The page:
You’ve been asked to work on a project with a colleague with whom you’ve clashed in the past. But your manager says the two of you need to learn to work together. You know your personal style – you like to work alone, thinking through issues and challenges before you discuss them with. Your colleague, on the other hand, likes to discuss everything, thinking out loud as he goes It’s been a source of friction between you two on many projects. You think, “why can’t he just take some time to think before I discuss this with him?” He thinks, “why can’t she just help me work through my thoughts so I can come to an answer right away?” The manager says you need to get on the same page to successfully get this project done. But how?
Just as your backgrounds or experiences may be diverse, your work styles may be as well. In most cases, we aren’t cognizant of this fact. We just know we have a difficult time working with someone. Your style is a part of who you are just as his style is part of who he is. But how do we figure this out to the benefit of all so that we add value in the workplace and in our lives?
Dimensions of Diversity
Diversity is often viewed and discussed as outward characteristics such as race and gender. As the world becomes more connected, we realize diversity has many aspects beyond the obvious. Kaleidoscope Group’s Dimensions of Diversity model explains four realms of diversity: primary (e.g., age, ethnicity), secondary (e.g., education, marital status), workplace (e.g., occupation, skills) and style (e.g., leadership style, work habits). While workplace and style dimensions may be more difficult to identify and incorporate, KG has a tool that can identify a person’s strengths in these two categories. That tool is Clifton Strengths.
Clifton Strengths is an assessment tool to help people understand who they are at their core – the strengths that give them passion, help them create and drive their lives. This assessment focuses on what is right with people and measures the particular ways in which an individual tends to approach their work, their relationships, and their lives. It does this by examining a person’s talent, which encompasses their personality and attitudes, as well as their knowledge, skills and abilities. The results provide a lens for understanding who a person is and their distinct characteristics. It identifies an individual’s natural way of thinking, feeling and behaving that remains regardless of role, situation or interaction.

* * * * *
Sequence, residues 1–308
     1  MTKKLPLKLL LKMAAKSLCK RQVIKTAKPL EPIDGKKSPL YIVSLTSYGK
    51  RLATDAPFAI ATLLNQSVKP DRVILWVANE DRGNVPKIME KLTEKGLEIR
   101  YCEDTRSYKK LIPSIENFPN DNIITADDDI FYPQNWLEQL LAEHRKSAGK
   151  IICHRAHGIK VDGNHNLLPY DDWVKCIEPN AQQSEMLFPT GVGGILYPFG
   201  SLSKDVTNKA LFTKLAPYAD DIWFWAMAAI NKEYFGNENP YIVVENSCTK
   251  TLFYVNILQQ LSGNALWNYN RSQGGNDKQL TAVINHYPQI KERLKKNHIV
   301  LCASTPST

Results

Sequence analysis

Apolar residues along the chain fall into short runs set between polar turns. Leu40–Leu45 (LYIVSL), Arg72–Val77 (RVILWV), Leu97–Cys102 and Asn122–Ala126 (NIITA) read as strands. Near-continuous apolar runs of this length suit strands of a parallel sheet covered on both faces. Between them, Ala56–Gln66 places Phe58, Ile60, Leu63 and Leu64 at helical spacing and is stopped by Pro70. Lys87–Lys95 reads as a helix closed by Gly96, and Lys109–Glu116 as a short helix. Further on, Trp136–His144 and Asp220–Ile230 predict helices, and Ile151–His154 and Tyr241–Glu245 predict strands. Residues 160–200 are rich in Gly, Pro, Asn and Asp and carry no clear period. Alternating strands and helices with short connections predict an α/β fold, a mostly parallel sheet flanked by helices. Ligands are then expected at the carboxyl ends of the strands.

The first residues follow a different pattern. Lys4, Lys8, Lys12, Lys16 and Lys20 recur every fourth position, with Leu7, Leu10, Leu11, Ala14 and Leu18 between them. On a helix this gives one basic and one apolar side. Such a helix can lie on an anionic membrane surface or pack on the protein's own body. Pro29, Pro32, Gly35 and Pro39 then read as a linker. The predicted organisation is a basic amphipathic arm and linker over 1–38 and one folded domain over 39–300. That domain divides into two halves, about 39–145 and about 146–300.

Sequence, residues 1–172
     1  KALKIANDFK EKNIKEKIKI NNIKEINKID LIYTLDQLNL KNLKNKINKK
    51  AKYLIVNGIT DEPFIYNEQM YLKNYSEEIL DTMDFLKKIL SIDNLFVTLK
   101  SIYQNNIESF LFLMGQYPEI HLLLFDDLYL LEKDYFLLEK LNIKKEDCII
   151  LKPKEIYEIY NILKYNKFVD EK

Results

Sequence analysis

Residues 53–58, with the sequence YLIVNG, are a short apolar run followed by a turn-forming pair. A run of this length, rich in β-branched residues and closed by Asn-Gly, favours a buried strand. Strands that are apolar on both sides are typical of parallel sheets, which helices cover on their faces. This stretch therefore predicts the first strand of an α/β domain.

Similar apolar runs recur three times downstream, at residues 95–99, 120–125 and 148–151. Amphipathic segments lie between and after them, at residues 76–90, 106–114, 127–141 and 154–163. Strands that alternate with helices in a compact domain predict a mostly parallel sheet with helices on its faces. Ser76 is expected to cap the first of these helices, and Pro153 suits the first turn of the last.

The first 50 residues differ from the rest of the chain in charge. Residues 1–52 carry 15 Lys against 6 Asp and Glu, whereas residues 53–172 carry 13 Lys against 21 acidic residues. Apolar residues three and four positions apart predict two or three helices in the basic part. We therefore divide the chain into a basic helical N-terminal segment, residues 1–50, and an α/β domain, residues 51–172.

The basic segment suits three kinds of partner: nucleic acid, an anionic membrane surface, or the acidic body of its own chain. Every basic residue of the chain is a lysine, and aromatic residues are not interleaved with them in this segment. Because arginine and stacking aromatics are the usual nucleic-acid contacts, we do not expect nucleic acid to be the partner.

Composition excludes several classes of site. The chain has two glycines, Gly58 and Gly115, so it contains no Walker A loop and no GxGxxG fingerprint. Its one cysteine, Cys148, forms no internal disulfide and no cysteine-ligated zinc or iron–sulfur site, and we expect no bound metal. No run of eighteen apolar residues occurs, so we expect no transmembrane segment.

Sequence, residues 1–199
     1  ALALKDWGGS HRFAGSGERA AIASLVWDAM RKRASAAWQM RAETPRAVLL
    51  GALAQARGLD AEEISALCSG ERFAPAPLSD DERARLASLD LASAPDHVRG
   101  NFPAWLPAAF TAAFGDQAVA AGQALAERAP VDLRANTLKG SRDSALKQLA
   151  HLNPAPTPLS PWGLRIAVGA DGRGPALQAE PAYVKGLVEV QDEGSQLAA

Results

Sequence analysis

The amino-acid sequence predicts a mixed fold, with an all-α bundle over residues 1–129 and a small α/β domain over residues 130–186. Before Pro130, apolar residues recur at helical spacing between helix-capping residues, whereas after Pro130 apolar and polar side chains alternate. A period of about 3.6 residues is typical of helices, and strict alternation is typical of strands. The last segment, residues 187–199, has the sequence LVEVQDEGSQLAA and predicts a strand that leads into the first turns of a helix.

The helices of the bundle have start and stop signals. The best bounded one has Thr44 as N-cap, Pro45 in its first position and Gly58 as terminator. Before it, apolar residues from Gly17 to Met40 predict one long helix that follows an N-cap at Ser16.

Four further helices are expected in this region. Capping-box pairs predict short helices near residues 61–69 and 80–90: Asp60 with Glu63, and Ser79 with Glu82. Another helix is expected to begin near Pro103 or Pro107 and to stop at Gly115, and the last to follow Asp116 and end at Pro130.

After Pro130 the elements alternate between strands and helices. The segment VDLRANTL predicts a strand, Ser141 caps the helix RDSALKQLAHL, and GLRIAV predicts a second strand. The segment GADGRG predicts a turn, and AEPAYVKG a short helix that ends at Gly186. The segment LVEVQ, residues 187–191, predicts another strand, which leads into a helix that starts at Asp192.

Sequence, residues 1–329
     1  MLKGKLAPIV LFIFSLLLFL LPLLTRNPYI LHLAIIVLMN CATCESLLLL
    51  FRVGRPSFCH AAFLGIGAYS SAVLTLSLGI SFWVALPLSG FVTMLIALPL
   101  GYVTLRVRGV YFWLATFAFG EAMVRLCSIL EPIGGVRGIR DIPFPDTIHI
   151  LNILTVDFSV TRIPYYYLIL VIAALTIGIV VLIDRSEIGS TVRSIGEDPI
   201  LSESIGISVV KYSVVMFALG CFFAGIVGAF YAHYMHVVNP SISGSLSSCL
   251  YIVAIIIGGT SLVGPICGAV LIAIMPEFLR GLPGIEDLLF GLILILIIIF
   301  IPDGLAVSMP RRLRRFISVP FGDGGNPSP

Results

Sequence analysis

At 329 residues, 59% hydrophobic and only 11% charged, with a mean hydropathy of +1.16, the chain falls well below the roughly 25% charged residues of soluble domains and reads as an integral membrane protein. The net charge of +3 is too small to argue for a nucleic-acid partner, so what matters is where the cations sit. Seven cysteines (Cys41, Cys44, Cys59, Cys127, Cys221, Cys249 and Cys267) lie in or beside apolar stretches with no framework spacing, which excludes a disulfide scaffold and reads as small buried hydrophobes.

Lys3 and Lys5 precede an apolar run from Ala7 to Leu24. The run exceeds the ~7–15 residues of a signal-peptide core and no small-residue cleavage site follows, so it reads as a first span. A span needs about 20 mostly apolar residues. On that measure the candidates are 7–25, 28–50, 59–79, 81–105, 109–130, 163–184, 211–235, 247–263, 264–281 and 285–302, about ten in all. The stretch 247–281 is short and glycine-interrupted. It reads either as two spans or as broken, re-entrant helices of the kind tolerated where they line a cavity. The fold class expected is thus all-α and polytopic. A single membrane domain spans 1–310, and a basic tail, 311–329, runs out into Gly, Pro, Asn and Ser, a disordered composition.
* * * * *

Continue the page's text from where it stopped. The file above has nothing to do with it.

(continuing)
The tool helps us identify our strengths and our blind spots due to those strengths. When a group of people is aware of their strengths and blind spots and those of their colleagues, we understand why people do things the way they do. With few exceptions, employees are motivated to get to the end goal, to do what’s needed and to provide the services and products their managers and customers expect with the best outcome. But we all arrive there in a different way. When strengths are known and valued on a team, what was a conflict in the above scenario becomes an understanding of the diverse ways people navigate the world and we begin to see value from a different perspective (inclusion). We allow people to work the way that best uses their strengths while they enable us to do the same. In the above example, understanding that the key Strength of the woman was strategic thinking while that of the man was communication would help us see that she needed a little time alone with her thoughts before engaging while he needed to “think out loud” about how to do the project. Recognizing this, the two could set a timeline that would contain both styles – perhaps give her an hour to become familiar with and think through the project and then regroup. During this hour, he could write down the ideas flying through his head so he’s sure to capture what he’s thinking. When they regroup, each is more likely to come at the work in a collegial way rather than as a source of frustration.
The Value of Difference
Through one-on-one and team coaching on strengths, people begin to understand the value of each distinct way of working and how to leverage each other’s strengths. Many of my clients have experienced ‘aha’ moments during coaching when they realize that the colleague they are learning about has strengths that may sometimes clash with theirs, but nevertheless, they are just as valuable. The outcome is that people begin to embrace each other’s uniqueness and even seek colleagues to partner with who have a strength that may be less strong in them. The awareness and understanding of yourself and your colleagues garnered through Strengths begins to shift the culture towards more inclusiveness. Employees become more engaged through a shared language and understanding of what makes them and their colleagues tick and conflicts are easier to resolve.
*The Clifton Strengths Assessment was researched and developed by Don Clifton, CEO of Gallup, who is often considered the father of strengths psychology.
Michaelle Van Linden is a senior consultant with Kaleidoscope Group and a certified Gallup Strengths Coach. She has consulted with, and coached, numerous individuals and teams in the use of Strengths in their work and personal lives. She has coached small family-run companies and large multinational corporations, both non-profit and for-profit organizations and students in high school and college helping them to see the value of their strengths to create better, more fulfilling lives. To find out more about Clifton Strengths, Michaelle can be reached at 847-910-9083 or firstname.lastname@example.org